The digital world evolves at a dizzying pace, and there are always new trends for developers and clients to consider as they build new websites. Whether you are creating a fresh campaign site or evolving an existing corporate website, here are five of the biggest trends that you need to know about this year.

5 more big web development trends for 2017

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Rich typography

Developers really embraced typography in 2016, and this year, the trend moves toward a far richer use of the visual medium. Designers are increasingly working in formats that allow type to take centre stage of the screen instead of putting wording second to imagery. Website typography will create increasing contrasts by setting type against images, effects and video

Great use of Javascript

Last year saw a tremendous evolution of Javascript, and this year looks to see similar gains. The increasing role of Javascript is facilitating virtual reality, chatbots, IoT and more, with its role in digital development becoming more integral and established.


These are the moments when a digital user carries out a website interaction, whether it’s completing a form field, sending a message or tweeting. The aim of these moments is to give guidance and feedback. These interactions are valuable and can end up defining the whole online product.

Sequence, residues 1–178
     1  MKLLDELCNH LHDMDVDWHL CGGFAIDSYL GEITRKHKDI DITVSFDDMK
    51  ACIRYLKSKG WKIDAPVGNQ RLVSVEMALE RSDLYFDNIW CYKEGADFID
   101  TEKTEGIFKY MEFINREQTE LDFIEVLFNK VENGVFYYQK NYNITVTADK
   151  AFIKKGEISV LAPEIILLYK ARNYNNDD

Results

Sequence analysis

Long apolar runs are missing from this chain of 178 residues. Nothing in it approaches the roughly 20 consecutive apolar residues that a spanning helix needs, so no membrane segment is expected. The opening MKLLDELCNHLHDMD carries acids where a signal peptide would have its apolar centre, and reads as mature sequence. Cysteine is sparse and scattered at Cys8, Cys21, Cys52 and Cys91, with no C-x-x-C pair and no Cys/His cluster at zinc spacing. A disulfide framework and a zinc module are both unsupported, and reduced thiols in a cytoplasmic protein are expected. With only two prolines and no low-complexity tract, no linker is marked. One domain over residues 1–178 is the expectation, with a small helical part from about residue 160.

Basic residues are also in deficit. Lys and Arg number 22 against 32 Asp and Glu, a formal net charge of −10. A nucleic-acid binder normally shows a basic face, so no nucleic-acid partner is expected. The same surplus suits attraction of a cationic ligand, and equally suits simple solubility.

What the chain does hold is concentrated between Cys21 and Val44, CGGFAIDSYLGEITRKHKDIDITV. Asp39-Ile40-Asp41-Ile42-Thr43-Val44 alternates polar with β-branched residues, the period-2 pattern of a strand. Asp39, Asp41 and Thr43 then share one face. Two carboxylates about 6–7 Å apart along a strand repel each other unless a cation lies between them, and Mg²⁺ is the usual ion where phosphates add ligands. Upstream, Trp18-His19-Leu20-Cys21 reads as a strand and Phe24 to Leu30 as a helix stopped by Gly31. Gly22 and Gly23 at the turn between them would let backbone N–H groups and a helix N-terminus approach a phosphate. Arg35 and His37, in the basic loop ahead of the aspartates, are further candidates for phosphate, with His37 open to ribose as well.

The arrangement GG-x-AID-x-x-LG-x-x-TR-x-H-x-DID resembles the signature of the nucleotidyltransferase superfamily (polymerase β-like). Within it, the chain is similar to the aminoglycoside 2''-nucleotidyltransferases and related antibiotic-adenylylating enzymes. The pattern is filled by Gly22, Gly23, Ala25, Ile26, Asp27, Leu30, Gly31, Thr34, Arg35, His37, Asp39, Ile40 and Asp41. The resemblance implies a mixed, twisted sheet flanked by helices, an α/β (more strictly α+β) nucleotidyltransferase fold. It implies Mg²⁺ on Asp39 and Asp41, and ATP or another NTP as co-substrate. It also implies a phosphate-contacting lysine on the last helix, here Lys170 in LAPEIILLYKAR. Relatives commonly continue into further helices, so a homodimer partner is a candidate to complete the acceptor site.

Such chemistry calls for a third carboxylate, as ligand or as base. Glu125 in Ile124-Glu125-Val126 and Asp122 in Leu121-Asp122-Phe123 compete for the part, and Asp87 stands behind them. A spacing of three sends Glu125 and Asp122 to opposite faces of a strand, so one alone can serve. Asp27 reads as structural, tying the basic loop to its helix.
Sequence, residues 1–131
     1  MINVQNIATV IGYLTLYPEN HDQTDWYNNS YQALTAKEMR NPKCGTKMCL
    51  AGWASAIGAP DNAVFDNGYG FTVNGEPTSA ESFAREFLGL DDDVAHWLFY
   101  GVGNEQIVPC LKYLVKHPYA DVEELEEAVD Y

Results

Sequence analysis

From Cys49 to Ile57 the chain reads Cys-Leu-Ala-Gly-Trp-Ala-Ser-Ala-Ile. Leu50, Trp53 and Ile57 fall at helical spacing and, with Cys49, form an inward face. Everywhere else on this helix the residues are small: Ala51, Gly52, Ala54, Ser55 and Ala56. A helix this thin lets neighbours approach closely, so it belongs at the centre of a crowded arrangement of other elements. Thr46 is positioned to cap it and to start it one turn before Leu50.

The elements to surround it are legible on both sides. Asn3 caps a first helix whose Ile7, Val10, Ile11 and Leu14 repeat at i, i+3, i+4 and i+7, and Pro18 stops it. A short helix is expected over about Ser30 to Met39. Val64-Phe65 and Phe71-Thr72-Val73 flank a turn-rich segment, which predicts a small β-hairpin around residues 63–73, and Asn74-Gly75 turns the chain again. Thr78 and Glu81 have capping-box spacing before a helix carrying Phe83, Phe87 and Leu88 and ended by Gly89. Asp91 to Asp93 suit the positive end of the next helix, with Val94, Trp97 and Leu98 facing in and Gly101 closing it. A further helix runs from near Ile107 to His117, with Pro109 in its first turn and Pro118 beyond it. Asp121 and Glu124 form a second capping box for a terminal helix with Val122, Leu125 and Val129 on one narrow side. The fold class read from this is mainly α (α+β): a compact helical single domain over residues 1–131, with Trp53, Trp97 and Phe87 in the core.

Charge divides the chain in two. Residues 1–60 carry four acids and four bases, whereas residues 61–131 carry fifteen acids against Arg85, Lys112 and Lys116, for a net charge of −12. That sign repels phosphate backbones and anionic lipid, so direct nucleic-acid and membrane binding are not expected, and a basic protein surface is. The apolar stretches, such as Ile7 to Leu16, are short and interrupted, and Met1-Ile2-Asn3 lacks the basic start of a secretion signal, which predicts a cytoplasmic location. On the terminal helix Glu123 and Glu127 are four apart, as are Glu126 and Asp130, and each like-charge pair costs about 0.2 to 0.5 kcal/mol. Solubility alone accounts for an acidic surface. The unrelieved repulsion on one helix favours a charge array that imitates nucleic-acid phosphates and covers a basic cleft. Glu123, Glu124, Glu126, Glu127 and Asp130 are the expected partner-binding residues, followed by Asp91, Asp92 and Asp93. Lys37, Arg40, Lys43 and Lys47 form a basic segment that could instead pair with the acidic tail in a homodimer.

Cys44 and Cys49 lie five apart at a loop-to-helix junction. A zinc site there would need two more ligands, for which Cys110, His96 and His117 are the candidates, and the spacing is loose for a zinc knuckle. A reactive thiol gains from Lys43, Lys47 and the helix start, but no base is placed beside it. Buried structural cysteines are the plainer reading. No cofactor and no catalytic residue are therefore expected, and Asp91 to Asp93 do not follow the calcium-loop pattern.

More development and design collaboration

This year will see more collaboration between functions that were previously approached in a separate way. With better tools such as Figma and Webflow, developers and designers can gain an increasing appreciation of what the other role involves. This will increase output, productivity and the speed of development. An agency specialising in web design in Essex will show this approach in the way that their project teams are organised. Find out more at sites like

5 more big web development trends for 2017-2

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GIFs and greater use of interactive imagery

People naturally engage better with imagery, and the use of cinema graphs will encourage users to do just that. GIFs will also be used more widely, allowing developers to tell stories in a more engaging way than would be possible with a still image. The use of both will increase this year, leading to more visually compelling websites.

Which of these developments will you consider for your website this coming year? How could they be used to strengthen your offer and engage your prospects?